Why We Need Bikini Kill: A Concert Review
The energy in Philly’s Franklin Music Hall is far more than electric, it is like a snaking live wire sending sparks across the venue. The pit, balcony, and even sidelines are teeming with old punks and alternative teens, each one of them buzzing with excitement as they wait for the legendary Bikini Kill to take the stage. When they strut onto the precipice, Kathleen Hanna (vocals), Kathi Wilcox (bass), Tobi Vail (drums), and Erica Dawn Lyle (guitar) don’t launch into one of their iconic anthems. Instead, Hanna speaks to the audience like she bumped into an old friend.
From there, she introduces their opener, “New Radio.” The foundation of the song is built on iconic Bikini Kill signatures: Hanna’s guttural and honest vocals, Wilcox’s relentless and precise bass lines, and their classic sex-positive, pro-slut lyrics. There is nowhere in the song for the band to hide and warm up. It demands to be performed with the same palpable rage that it was written with 30 years ago, lest it—and by proxy the rest of the concert—fall flat. But the second the first kick of the drum meets the crunchy guitar strums, the venue is engulfed in Bikini Kill’s gritty and powerful energy.
By the end of the first song there is one undeniable truth: Bikini Kill is just as paramount today as they were 30 years ago. Formed in 1990 in Olympia, Washington, Bikini Kill broke into music with the intention of igniting change. They were a beacon of resistance and actively encouraged other women to embrace their power. Kathleen Hanna is credited for coining phrases such as “girls to the front” and the infamous “girl power.” Their influence on alternative music and feminism during recent decades has been immeasurable. Now back on tour, the women who helped pioneer the Riot Grrrl Movement are reminding us all that our anger is our power.
But they’re not simply cashing in on renewed relevance. When the band first arrived on the scene in the 90s, it was a man’s world. There was very little space, if any, in the punk realm that wasn’t drenched in sexism, homophobia, and racism. Since then, the things they fought for have become more widely accepted. And in terms of feminist theory, Riot Grrrl’s strictly female centric efforts were lacking in inclusivity. Still, Bikini Kill is a chain linking the third wave of feminism to the fourth. The Me Too Movement, the Kavanaugh Hearings, and Trump’s presidency among other things prompted a regenerated need for female empowerment (and some rage, too). Kathleen Hanna put it best in her interview with PBS, “I mean, it’s not like sexism stopped existing.” Revived with modern nuance, songs like “Rebel Girl” have become protest hymns with which all marginalized voices can hum along.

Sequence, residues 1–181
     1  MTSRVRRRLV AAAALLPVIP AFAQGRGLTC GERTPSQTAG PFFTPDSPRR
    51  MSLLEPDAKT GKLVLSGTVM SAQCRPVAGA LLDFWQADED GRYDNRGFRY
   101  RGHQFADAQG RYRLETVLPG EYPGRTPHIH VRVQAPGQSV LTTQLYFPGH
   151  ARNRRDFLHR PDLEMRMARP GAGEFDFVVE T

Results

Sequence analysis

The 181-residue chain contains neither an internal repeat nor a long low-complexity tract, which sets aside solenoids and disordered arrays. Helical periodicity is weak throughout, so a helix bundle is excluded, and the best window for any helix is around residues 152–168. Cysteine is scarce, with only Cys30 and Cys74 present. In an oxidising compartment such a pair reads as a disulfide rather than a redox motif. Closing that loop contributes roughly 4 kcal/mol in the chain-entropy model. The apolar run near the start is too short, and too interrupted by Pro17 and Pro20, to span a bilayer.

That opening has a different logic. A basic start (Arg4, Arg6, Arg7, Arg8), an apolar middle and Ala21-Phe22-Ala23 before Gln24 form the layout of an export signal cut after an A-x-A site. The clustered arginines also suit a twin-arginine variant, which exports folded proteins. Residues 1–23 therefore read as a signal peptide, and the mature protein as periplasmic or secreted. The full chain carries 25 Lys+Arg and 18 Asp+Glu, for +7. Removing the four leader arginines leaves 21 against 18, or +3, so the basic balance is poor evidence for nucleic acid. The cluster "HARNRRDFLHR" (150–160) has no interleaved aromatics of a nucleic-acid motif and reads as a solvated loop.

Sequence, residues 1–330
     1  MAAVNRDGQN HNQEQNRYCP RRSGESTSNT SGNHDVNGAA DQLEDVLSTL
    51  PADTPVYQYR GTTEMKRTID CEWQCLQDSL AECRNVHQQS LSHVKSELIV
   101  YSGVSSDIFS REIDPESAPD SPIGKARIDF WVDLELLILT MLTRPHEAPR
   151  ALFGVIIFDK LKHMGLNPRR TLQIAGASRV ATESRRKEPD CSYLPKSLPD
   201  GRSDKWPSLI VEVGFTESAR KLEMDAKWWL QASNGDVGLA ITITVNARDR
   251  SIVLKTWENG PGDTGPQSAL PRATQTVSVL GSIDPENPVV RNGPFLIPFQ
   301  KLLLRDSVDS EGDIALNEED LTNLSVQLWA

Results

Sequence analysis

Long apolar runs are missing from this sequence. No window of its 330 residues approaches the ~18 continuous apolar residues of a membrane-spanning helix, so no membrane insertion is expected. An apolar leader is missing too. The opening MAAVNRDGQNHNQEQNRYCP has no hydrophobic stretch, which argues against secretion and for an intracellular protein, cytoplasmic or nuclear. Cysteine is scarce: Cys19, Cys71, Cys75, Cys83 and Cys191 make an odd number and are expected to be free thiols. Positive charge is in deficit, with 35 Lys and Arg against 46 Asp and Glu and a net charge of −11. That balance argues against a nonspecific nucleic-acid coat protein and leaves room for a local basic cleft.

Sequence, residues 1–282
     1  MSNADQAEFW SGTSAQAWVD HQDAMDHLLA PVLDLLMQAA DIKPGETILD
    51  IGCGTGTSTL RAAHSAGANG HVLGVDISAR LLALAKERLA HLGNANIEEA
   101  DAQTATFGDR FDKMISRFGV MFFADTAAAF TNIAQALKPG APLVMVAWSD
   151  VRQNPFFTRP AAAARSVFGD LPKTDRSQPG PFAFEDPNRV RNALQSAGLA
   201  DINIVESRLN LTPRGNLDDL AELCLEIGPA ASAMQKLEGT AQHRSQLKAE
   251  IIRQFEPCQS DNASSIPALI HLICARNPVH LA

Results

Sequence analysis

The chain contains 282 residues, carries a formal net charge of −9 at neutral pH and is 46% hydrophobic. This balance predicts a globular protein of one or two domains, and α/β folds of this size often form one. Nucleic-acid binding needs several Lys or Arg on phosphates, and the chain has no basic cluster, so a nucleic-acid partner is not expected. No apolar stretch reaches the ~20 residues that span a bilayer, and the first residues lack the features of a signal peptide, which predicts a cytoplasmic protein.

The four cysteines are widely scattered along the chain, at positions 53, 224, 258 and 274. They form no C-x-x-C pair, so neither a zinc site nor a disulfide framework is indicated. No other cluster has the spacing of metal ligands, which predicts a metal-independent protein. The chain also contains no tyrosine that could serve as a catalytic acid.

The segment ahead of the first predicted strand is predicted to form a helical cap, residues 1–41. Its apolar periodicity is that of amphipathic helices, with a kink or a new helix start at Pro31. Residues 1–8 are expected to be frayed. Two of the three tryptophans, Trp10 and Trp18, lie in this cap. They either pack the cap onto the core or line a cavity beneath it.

Back in Philly, the venue is still filled with the same rightfully angry feminists as before, but this time there is a bit more variety. People of all genders and races pack in next to each other, but most notable is the age range. The middle-aged crowd is almost equally matched with teens and 20-somethings and there are a handful of children linking hands with their (albeit slightly more enthused) parents and equipped with industrial, ear-protecting headphones. The generational exchange adds an even more eclectic feeling to the show; I mean, where else can you see a clean-cut-looking man in his 50s slamdance next to two non-binary teens dripping in black fabric and tattoos? For many, this is the first time seeing Bikini Kill live, and even for the life-long fans, there remains a personal and cultural need for their music and message.
After charging their way through an hour’s worth of high-octane music featuring some of their quintessential tracks and equally formidable deep cuts, Bikini Kill aren’t finished. They open their encore with the punchy “Double Dare Ya.” Then comes the song that has become synonymous with Bikini Kill, Riot Grrrl, and feminism. “Rebel Girl” is as explosive as anyone might dream. Like a shaken bottle of carbonated adrenaline, the drums pound, the guitars shred, and the vocals rattle more than the foundation of the Franklin Music Hall. Every undercurrent of anger—born from misogyny and laws restricting women’s rights and the commodification of women’s bodies—explodes to the surface. Squeezed between punks from the past and my angst-ridden peers, chanting the lyrics that opened so many of our eyes, it is communally cathartic.
At some point in the night, Kathleen Hanna tells a story about how she went to the fair and saw, hanging among plush stuffed animals in the prize section of a carnival game, a slightly deflated blow-up hammer adorned with the words “girl power”. Bikini Kill has been and remains a huge source of inspiration—musically and attitude-wise—for women. The remnants of Bikini Kill have been lingering in our culture for two and a half decades. Back on tour, they are screaming new life into their mythic discography.